He didn't provide much concrete actions, but I am looking forward to this revolution. It might take years or decades. But with the Internet and the Semantic Web as the catalyst and the workhorse, this duality in role might expedite the entire process. It just needs the right spark, to create that wildfire...

I will read his blog here:
"There are already many well-known but still striking instances of this change in parts of culture outside of science [1]. For example, in 1991 an unknown Finnish student named Linus Torvalds posted a short note in an online forum, asking for help extending a toy operating system he’d programmed in his spare time; a volunteer army responded by assembling Linux, one of the most complex engineering artifacts ever constructed. In 2001 another young unknown named Larry Sanger posted a short note asking for help building an online Encyclopedia; a volunteer army responded by assembling the world’s most comprehensive Encyclopedia. In 1999, Garry Kasparov, the greatest chessplayer of all time, played and eventually won a game of chess against a “World Team” which decided its moves by the votes of thousands of chessplayers, many rank amateurs; instead of the easy victory he expected, he got the most challenging game of his career, a game he called “the greatest game in the history of chess”."

Friday, November 11, 2011

WCUB 2011 (What can you be with your PhD)

This is a 2-day career convention at NYU Langone Medical Center. I must say this is the most informative career convention I have been to. The panel of speakers were engaging, cordial and candid and the participants asked really pertinent questions.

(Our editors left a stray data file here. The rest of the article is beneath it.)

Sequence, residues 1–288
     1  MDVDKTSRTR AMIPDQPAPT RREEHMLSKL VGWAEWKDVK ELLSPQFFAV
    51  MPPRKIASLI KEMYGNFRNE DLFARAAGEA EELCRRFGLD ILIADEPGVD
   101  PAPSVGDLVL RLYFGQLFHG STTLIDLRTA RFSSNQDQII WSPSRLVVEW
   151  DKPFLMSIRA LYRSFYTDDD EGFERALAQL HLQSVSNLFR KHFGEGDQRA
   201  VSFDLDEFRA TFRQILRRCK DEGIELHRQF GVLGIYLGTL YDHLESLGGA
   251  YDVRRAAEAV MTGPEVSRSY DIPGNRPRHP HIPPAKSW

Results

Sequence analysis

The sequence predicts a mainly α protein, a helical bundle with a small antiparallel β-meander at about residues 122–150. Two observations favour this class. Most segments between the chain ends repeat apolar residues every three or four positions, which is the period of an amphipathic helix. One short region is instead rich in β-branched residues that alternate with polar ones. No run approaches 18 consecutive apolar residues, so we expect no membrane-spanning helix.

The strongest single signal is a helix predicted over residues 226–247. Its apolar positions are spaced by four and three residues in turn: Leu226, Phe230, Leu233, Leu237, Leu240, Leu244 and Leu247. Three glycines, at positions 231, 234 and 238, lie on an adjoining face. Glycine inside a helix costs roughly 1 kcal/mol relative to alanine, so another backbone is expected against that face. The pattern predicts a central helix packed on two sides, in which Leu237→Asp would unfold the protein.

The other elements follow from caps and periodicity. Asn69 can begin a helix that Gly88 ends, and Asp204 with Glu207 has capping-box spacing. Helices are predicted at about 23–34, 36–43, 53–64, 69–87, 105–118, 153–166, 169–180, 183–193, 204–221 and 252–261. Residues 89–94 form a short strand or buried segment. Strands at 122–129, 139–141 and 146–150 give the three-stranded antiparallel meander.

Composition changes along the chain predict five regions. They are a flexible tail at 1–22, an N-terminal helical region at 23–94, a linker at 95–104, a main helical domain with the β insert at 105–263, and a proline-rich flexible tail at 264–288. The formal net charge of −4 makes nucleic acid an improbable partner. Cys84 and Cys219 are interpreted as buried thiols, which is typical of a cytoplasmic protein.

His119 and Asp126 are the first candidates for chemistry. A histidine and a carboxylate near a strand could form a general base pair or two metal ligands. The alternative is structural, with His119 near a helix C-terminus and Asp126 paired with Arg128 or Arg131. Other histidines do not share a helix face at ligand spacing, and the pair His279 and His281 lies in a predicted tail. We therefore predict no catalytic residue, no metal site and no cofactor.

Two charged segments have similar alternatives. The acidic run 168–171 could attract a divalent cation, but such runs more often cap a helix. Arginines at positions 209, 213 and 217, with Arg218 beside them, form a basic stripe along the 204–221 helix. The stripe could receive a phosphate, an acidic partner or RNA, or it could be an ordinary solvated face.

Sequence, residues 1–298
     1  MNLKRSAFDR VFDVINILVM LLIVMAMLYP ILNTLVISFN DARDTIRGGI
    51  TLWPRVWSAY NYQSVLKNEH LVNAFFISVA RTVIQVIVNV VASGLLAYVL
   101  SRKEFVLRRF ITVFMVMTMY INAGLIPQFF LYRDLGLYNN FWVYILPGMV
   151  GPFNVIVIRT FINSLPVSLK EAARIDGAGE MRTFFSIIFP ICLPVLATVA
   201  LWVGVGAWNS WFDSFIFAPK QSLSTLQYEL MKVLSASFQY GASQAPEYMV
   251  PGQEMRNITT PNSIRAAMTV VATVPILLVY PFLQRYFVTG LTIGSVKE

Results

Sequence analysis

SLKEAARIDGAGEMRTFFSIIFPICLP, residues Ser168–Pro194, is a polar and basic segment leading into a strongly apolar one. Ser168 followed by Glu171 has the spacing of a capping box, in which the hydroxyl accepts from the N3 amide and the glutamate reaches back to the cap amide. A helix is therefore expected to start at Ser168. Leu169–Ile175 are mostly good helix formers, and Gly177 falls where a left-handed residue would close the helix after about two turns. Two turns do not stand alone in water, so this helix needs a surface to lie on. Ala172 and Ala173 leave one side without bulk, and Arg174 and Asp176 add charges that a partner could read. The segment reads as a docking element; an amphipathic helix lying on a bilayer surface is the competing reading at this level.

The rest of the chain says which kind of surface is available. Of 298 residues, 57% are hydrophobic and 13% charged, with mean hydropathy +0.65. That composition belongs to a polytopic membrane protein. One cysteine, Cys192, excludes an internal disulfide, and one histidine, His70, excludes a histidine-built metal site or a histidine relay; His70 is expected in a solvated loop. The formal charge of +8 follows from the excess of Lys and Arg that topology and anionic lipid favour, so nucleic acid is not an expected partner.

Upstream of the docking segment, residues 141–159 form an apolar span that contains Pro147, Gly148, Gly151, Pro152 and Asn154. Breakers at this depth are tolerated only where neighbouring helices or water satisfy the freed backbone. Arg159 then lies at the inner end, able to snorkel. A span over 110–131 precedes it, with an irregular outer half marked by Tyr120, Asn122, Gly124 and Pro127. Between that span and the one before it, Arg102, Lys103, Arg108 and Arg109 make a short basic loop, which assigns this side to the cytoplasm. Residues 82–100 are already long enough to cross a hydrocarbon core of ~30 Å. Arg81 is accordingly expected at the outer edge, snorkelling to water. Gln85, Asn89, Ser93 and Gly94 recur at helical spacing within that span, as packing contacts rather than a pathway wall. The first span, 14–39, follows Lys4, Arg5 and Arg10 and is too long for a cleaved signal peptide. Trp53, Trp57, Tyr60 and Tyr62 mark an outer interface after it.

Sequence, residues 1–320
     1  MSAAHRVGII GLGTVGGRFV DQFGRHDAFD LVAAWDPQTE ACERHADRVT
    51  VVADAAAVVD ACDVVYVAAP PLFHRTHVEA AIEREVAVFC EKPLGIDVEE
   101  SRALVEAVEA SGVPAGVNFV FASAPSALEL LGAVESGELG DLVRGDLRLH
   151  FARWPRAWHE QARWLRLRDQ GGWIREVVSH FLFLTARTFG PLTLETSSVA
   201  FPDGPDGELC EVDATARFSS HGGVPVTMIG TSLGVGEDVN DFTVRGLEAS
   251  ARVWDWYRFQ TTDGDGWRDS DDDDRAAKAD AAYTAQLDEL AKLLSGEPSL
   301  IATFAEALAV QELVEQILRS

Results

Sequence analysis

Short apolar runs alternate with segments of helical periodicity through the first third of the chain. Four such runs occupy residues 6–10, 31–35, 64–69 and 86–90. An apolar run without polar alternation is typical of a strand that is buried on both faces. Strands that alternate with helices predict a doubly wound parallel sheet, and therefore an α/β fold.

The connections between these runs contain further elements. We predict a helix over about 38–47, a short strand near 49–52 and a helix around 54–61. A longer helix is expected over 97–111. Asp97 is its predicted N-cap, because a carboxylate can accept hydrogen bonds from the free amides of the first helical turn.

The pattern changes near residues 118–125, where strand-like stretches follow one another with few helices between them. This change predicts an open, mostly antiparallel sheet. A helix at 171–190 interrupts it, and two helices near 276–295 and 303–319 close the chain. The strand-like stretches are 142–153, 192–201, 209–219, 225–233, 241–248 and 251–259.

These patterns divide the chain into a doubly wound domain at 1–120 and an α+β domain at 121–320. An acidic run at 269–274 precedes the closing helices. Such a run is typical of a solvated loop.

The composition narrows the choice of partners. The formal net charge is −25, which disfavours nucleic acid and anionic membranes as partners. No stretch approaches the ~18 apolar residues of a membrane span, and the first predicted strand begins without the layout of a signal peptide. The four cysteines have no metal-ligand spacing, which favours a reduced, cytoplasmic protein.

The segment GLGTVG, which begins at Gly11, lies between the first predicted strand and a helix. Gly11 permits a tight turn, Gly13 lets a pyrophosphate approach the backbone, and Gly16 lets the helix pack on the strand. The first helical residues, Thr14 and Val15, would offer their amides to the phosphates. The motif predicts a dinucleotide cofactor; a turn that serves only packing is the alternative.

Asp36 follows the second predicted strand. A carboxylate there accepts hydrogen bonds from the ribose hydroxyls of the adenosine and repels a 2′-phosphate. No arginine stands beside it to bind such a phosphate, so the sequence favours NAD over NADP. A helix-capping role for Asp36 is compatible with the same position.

I went for the seminars in resume writing, mentoring, grant and fellowship application writing and careers in the pharmaceutical industry. I think there are some tips covered in this convention that people looking for jobs in general can use, like resume writing. I have some notes if anybody is interested. You can drop me a line.

This also serves as a short getaway from the work that is being piled up. Chelsea Market is just awesome! Thanks G and P and O for suggesting it!!

Where we cut our hair - 196 Centre Street NYC.
New Haircut - not too bad for 27 bucks?

Primate sequencing

The first primate to be sequenced was the human3 in 2001, followed by the chimpanzee4 in 2005, the Indian rhesus macaque5 (Macaca mulatta mulatta) in 2007 and the orangutan6earlier this year.

Not surprisingly, genome sequencing projects for nonhuman primates have multiplied, with projects on gibbons, baboons, bonobos, gorillas, African green monkeys, squirrel monkeys, galagos (bushbabies), pigtailed macaques, aye-aye (lemur), sooty mangabeys and other species underway or planned


Almost all the primates are endangered species, mostly because of humans encroaching and destroying their habitats. Now, we are sequencing them and using them in our science experiments, so we do want to save them. Someday, when this loop-sided tug-of-war finishes, I wonder who will be the last ape standing.


Point in time: the ability to create a sense of inertia in its product users...

Some ethnic propensities for genetic diseases

Ethnic GroupGenetic Defect
African AmericansSickle Cell Anemia
Central or Eastern JewsTay - Sachs disease